BWW Review: THE DUCHESS OF MALFI, Almeida Theatre
Following the success of Summer and Smoke at both the Almeida and the Duke of York's, director Rebecca Frecknall returns to the former venue with John Webster's The Duchess of Malfi. Taking Webster's grotesque tale of betrayal, this production sets the lives of its female characters on brutal display with a relentless atmosphere.
Things take a bloody turn when the young, recently widowed Duchess of Malfi (Lydia Wilson) takes her steward Antonio (Khalid Abdalla) for her new partner. Upon hearing of this betrayal of love, the Duchess's brothers, the Cardinal (Michael Marcus) and Ferdinand (Jack Riddiford), send Bosola (Leo Bill) to exact revenge.
Chloe Lamford's clear set is dominated by a glass box. A holding cell-cum-liminal psychiatric space-cum-cabinet to display the dead characters, it is used to great effect throughout the play, especially as it slowly shifts towards the audience. As the play's female characters are killed, they haunt this space as a collective of those brutalised by men who think only of themselves and of their own potential gains.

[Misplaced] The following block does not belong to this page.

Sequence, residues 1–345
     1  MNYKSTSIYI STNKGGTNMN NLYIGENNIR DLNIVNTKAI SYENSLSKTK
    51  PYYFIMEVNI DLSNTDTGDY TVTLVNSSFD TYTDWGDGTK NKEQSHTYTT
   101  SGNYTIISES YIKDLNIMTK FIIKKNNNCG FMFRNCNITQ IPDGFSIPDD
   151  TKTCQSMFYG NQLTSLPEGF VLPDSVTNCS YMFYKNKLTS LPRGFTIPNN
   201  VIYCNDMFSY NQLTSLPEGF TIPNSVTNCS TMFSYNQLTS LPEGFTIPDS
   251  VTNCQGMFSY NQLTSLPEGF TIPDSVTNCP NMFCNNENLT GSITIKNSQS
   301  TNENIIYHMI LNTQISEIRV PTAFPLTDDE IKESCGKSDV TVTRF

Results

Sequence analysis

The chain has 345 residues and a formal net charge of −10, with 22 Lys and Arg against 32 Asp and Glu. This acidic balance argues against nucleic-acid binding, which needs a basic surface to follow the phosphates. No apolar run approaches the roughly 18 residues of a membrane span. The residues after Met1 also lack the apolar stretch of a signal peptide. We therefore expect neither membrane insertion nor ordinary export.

Lydia Wilson is astounding as the Duchess. Her slow, deep voice reverberates throughout the audience, by turns confident and hysterical. It is a deeply affecting portrayal of a character who loses everything, her "I am Duchess of Malfi still" a mere whimper. In spite of this, she stares down her assassin, leaving little doubt about her dignity and power.
Riddiford's Ferdinand slips aggressively into madness, with rigid bodily contortions that are twitchingly unnerving. Leo Bill as Bosola elicits the audience's sympathy as a man stuck between morality and duty, balancing our pity and horror as he betrays and terrorises the young family.
Frecknall might be accused of being overindulgent in this production. The prolonged, slow-motion fight scene at the end goes on for just a little too long, and the framing projections are accompanied by a soundscape that plays too closely to a clichéd thriller movie. However, the high body count of Webster's original, along with its utilisation of almost every revenge tragedy trope to the extreme, may likewise allow the same accusation to be levelled at the play in general. Ultimately, it cannot be denied that Frecknall has style.
Black ink replaces blood throughout the show, staining everything and everyone it touches. There's no smoke and mirrors with this visceral production: everything is transparent, a looking glass into perhaps our own world of violence and unfairness. Needless to say, Frecknall makes clear that we are always tormented by our actions.
Photograph credit: Marc Brenner.